Tiffany & Co reported lower-than-expected quarterly sales and a surprise drop in comparable sales, underscoring the upscale jeweler’s struggles with a strong dollar that has crimped spending by tourists and weak demand at home.
The company’s shares fell 5.6% to $87.95 before the bell on Wednesday.
The dollar has strengthened versus other currencies, so some of Tiffany’s issues in the United States are more currency-related, Edward Jones analyst Brian Yarbrough told Reuters.
Comparable-store sales in the Americas, which account for nearly half of Tiffany’s total revenue, fell 4%, while the company posted a 3% decline in the Asia-Pacific region in the first quarter.
Analysts polled by Consensus Metrix expected a 0.5% drop in the Americas and a growth of 1.3% in the Asia-Pacific region in the first quarter ended April 30.
“Mainland China was very strong, but other parts of China were weaker and Macau and Hong Kong have been struggling now for a little while,” Yarbrough added.
Tiffany, whose one-of-a-kind pieces are a regular feature on Hollywood red carpets, has also been struggling to attract young shoppers, who tend to prefer cheaper, chic brands such as Pandora A/S and Alex and Ani.
The luxury retailer, which ousted CEO Frederic Cumenal in February, struck a surprise deal with activist shareholder JANA Partners to add three directors to its board to revive struggling sales and entice younger shoppers.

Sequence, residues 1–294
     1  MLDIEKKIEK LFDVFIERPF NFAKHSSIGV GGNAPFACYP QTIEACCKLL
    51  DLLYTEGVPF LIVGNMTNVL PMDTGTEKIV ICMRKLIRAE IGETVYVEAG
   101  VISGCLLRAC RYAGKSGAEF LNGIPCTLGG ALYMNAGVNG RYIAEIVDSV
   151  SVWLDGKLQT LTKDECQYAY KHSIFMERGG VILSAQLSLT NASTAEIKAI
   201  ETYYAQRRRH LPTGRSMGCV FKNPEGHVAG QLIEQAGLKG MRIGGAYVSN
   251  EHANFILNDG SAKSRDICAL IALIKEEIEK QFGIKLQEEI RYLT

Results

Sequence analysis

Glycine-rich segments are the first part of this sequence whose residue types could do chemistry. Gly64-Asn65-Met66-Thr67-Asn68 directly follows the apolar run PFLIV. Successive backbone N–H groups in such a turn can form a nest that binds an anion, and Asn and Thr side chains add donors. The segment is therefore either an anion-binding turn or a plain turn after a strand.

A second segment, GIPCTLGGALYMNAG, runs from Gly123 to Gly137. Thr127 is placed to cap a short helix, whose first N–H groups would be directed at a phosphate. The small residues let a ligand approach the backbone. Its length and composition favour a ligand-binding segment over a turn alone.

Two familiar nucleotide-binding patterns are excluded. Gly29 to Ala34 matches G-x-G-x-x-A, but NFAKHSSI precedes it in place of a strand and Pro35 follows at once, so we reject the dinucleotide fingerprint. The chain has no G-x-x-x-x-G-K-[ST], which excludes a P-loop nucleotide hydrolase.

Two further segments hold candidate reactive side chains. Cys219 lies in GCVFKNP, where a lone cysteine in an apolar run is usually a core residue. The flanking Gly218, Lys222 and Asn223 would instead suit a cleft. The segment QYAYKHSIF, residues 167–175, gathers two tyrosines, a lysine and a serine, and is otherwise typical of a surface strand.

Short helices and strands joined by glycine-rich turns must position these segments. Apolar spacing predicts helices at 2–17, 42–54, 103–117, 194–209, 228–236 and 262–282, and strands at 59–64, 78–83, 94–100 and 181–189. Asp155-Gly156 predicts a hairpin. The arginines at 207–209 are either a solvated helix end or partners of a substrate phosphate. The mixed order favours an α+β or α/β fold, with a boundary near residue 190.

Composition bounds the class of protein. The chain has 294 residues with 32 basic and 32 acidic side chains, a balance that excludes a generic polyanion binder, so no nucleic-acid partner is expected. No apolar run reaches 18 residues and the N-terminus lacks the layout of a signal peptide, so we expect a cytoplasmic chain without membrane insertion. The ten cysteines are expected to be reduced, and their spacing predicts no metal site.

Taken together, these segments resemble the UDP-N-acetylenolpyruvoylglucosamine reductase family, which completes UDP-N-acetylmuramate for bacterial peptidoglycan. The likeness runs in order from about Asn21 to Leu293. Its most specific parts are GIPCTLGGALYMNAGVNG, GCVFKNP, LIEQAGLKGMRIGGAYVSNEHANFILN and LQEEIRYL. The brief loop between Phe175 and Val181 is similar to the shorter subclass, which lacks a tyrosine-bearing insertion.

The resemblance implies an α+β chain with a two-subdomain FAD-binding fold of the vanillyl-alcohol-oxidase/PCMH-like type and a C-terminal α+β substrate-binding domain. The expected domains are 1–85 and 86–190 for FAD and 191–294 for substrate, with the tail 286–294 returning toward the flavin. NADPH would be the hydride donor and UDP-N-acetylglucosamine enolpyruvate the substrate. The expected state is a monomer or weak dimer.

Worldwide sales at stores established for more than a year fell 3% for the sixth straight quarter, compared with a 1.1% rise expected by Consensus Metrix.
The company also said it expected its net sales to increase by a low single-digit percentage for the fiscal year ending Jan. 31, 2018.
Excluding a tax benefit of 2 cents per share, Tiffany earned 72 cents, beating analysts’ average estimate of 70 cents, according to Thomson Reuters I/B/E/S.
Net sales rose marginally to $899.6 million in the first quarter, but missed analysts’ average estimate of $913.71 million.
Net income increased to $92.9 million, or 74 cents per share, from $87.5 million, or 69 cents per share, a year earlier.